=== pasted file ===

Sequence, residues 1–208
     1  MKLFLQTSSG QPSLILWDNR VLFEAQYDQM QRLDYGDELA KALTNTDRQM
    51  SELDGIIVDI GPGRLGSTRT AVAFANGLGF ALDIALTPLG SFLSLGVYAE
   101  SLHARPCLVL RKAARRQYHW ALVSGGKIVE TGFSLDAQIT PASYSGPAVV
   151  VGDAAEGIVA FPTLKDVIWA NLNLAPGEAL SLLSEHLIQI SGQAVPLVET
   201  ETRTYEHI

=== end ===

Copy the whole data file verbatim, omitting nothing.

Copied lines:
Sequence, residues 1–208
     1  MKLFLQTSSG QPSLILWDNR VLFEAQYDQM QRLDYGDELA KALTNTDRQM
    51  SELDGIIVDI GPGRLGSTRT AVAFANGLGF ALDIALTPLG SFLSLGVYAE
   101  SLHARPCLVL RKAARRQYHW ALVSGGKIVE TGFSLDAQIT PASYSGPAVV
   151  VGDAAEGIVA FPTLKDVIWA NLNLAPGEAL SLLSEHLIQI SGQAVPLVET
   201  ETRTYEHI